Apple's Jony Ive has given some rare insight into the Apple design process.
In an interview at the Vanity Fair New Establishment Summit, which is available on YouTube, Apple's design guru talks about the excitement he feels for the design process.
Ive talked about the dangers of allowing a feature to taker precedent over a better product and said that Apple had rejected the idea of larger screens because they were too clunky in the past, "like many competitor products."
While no real secrets are revealed, the interview gives an interesting peek into how the world's most valuable company comes up with its market-defining products.
At one point, Ive admits that the touch-screen interface that dominates the market - and arguably first mastered by Apple - was nearly abandoned.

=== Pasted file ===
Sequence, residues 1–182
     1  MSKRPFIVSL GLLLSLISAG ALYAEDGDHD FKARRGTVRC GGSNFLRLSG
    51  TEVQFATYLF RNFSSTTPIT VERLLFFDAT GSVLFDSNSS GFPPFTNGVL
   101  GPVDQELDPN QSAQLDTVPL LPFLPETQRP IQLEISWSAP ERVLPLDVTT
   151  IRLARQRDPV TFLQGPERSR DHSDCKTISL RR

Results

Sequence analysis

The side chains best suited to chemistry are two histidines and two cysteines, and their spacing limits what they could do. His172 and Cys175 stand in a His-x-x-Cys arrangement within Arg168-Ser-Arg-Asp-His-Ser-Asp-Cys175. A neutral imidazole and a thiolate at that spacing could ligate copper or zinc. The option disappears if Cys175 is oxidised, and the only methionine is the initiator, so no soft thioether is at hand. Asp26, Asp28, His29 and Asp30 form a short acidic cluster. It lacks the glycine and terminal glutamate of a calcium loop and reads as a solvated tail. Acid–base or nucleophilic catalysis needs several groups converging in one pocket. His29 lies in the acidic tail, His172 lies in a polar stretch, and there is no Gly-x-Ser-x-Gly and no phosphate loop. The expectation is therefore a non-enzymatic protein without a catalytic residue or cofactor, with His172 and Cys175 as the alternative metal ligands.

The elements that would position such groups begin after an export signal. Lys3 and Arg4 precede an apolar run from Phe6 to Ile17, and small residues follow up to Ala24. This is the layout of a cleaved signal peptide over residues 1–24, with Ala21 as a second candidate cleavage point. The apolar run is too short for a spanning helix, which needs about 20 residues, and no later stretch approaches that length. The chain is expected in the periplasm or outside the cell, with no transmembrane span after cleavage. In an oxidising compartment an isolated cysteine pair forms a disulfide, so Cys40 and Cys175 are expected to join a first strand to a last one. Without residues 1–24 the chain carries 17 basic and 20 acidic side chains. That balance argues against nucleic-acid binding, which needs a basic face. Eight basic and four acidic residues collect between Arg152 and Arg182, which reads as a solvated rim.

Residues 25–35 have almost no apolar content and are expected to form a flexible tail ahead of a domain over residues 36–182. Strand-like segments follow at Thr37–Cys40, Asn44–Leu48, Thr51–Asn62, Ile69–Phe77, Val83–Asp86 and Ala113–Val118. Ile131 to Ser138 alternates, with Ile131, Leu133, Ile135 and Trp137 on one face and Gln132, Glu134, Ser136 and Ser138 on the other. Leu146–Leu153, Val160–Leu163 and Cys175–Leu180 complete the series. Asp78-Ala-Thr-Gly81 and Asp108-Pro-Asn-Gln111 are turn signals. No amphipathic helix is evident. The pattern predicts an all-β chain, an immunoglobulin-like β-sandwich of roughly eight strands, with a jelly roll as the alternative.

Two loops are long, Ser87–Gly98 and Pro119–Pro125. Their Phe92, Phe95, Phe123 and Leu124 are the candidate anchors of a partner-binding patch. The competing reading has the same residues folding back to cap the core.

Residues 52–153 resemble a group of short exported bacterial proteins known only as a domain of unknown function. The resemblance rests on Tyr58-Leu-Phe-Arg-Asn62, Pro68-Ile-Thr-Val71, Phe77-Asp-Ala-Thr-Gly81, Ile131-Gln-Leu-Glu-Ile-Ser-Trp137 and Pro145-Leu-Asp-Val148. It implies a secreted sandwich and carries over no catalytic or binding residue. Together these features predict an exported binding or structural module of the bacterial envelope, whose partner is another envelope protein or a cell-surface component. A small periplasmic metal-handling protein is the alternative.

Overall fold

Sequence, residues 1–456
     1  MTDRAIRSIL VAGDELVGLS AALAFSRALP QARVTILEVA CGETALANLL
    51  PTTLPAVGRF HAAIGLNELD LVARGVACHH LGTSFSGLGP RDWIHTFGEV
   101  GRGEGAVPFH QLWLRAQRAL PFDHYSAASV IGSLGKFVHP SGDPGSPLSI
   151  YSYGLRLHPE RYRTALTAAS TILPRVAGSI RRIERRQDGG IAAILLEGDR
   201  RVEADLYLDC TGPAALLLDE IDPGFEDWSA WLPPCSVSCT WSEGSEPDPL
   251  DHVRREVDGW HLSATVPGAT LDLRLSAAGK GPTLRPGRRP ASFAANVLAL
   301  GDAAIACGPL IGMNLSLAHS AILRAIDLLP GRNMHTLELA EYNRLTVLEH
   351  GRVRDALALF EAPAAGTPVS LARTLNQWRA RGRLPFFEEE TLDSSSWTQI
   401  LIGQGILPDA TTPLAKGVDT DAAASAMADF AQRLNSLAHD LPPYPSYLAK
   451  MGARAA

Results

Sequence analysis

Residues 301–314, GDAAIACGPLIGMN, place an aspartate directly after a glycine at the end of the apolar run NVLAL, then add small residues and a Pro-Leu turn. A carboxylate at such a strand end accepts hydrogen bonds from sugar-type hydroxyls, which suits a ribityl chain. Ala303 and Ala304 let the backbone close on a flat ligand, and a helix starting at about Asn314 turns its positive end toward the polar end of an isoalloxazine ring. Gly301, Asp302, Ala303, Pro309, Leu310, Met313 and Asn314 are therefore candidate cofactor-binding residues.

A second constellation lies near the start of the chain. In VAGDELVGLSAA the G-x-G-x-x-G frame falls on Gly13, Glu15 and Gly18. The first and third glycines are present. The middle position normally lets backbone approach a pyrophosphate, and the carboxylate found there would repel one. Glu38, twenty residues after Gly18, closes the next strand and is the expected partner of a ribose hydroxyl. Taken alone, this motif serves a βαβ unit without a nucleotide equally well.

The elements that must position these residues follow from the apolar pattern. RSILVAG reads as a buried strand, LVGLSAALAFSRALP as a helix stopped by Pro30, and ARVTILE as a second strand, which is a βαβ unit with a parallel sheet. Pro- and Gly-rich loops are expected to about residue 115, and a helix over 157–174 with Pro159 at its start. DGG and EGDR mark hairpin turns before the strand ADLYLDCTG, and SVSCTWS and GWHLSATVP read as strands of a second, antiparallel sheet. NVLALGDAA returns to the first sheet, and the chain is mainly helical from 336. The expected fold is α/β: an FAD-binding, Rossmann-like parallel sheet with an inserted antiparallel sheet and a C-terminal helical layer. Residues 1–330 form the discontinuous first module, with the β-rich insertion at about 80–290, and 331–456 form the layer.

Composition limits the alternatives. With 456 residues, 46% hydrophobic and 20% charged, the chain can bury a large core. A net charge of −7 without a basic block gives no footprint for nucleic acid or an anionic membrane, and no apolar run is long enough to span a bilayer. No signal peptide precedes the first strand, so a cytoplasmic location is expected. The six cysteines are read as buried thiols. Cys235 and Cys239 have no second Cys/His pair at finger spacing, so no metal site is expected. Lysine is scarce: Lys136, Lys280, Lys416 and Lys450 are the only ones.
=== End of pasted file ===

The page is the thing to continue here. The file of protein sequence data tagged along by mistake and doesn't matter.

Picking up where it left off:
Perhaps the most interesting part is when Ive says that he sees other companies imitating Apple's style as theft rather than flattery.
You spend seven or eight years working on something and then it's copied. I have to be honest the first thing I think isn't 'that was flattering.' All those weekends I could have had at home with my lovely family but didn't, but the flattery made up for it.
I think it's really straight forward: it really is theft, and it's lazy, and I don't think it's ok at all.